Attending a cycling event can be a life-changing experience. From meeting someone who will end up being a dear friend or mentor to proving to yourself that you’re brave enough to try something new—there is plenty of magic on offer when cyclists get together to challenge themselves.
Unfortunately, events can also be intimidating, exclusive spaces that leave a lot of bike lovers opting to take a pass. Women, in particular, often mention feeling excluded or overwhelmed at events, and that remains a key reason why their participation numbers are lower.
Liz Caracciolo is trying to change that. As a growth, business and fitness expert, Liz has dedicated her life to pushing herself physically and mentally to unleash her full potential, with the purpose to help other women do the same. A star athlete on the basketball court in college, she has also competed in dozens of races, marathons and triathlons, including the Arizona Ironman. And now, she’s aiming to give more women cyclists a taste of that feeling of accomplishment.
Last weekend, her organisation, Ignite Events, hosted the First Inclusive All-Women’s Bike Event for women of all ages with courses for all skill levels in Fountain Hills, Arizona, USA. On April 10, the multi-length event gave women a chance to come together and accomplish personal growth, cultivate connections and realise a meaningful personal achievement. With guest speakers, services, and experts also available to provide support, this event was all about becoming part of an engaged and cohesive community and overcoming the fear and intimidation of joining a fitness event. As this is a concept we obviously love, we were glad to have the chance to talk to Liz about the importance of all-women spaces in sport, how to find a healthy balance in competition, and why we need more resources to address the mental side of cycling.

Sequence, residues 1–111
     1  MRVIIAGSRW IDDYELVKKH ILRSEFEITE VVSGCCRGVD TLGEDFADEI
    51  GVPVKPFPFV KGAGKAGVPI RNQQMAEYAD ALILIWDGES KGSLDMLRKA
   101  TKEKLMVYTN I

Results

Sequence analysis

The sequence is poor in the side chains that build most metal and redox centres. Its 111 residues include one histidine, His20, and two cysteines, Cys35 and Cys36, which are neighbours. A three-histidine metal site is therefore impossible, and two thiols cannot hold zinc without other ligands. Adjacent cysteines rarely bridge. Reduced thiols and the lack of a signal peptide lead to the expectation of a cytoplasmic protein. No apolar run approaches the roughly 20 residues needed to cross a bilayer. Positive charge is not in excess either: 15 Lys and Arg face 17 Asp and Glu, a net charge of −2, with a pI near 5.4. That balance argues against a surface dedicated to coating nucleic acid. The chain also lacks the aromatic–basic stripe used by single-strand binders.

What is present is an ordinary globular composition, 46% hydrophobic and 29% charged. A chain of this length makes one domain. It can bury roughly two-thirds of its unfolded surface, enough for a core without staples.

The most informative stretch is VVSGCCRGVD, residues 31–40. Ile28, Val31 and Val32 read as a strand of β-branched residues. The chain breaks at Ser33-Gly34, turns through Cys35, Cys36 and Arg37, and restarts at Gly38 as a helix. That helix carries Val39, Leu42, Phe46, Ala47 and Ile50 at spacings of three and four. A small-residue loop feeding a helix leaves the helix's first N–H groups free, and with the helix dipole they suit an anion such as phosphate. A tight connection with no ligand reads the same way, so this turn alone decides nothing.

So, Liz, I have to say that you have a very impressive athletic background! Of course, not everyone is driven to pursue things at the level you did. Still, I think something that resonates with almost anyone who has fallen in love with a sport is that after seeking a new challenge and starting to make milestones, you can feel confident to do something else. At the upcoming event, how will you help women tap into the potential of this feeling?
The event was designed with this very intention in mind. We wanted to offer something including distances that would attract beginner level riders through advanced riders. We wanted women entering the sport to see what is possible from the very start of the event as they gather in prep for the start. Additionally, the short course will be complete prior to the 20-mile and 40-mile distances and riders will have the opportunity to watch more experienced riders complete their respective goals. Lastly, our community is connected through digital channels where participants can share their experiences and accomplishments and allows all members to celebrate along with them.
It sounds fantastic! In addition to the various levels represented, what kind of resources do you offer that help women work on the mental aspect of sports or cycling?